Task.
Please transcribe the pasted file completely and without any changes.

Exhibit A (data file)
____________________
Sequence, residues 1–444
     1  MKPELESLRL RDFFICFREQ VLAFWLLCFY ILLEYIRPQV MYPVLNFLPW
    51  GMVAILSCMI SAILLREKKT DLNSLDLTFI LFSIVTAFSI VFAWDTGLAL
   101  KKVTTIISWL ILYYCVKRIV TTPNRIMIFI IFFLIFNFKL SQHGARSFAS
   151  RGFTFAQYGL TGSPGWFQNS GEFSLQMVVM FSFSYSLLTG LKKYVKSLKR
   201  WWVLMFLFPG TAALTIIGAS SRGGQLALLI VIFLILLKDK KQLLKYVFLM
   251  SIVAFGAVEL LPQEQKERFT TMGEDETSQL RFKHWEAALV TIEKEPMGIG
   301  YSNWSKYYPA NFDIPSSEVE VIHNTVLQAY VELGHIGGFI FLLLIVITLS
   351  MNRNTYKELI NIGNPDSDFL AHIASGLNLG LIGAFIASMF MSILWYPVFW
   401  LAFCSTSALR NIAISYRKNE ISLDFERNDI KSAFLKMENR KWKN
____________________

Sequence, residues 1–444
     1  MKPELESLRL RDFFICFREQ VLAFWLLCFY ILLEYIRPQV MYPVLNFLPW
    51  GMVAILSCMI SAILLREKKT DLNSLDLTFI LFSIVTAFSI VFAWDTGLAL
   101  KKVTTIISWL ILYYCVKRIV TTPNRIMIFI IFFLIFNFKL SQHGARSFAS
   151  RGFTFAQYGL TGSPGWFQNS GEFSLQMVVM FSFSYSLLTG LKKYVKSLKR
   201  WWVLMFLFPG TAALTIIGAS SRGGQLALLI VIFLILLKDK KQLLKYVFLM
   251  SIVAFGAVEL LPQEQKERFT TMGEDETSQL RFKHWEAALV TIEKEPMGIG
   301  YSNWSKYYPA NFDIPSSEVE VIHNTVLQAY VELGHIGGFI FLLLIVITLS
   351  MNRNTYKELI NIGNPDSDFL AHIASGLNLG LIGAFIASMF MSILWYPVFW
   401  LAFCSTSALR NIAISYRKNE ISLDFERNDI KSAFLKMENR KWKN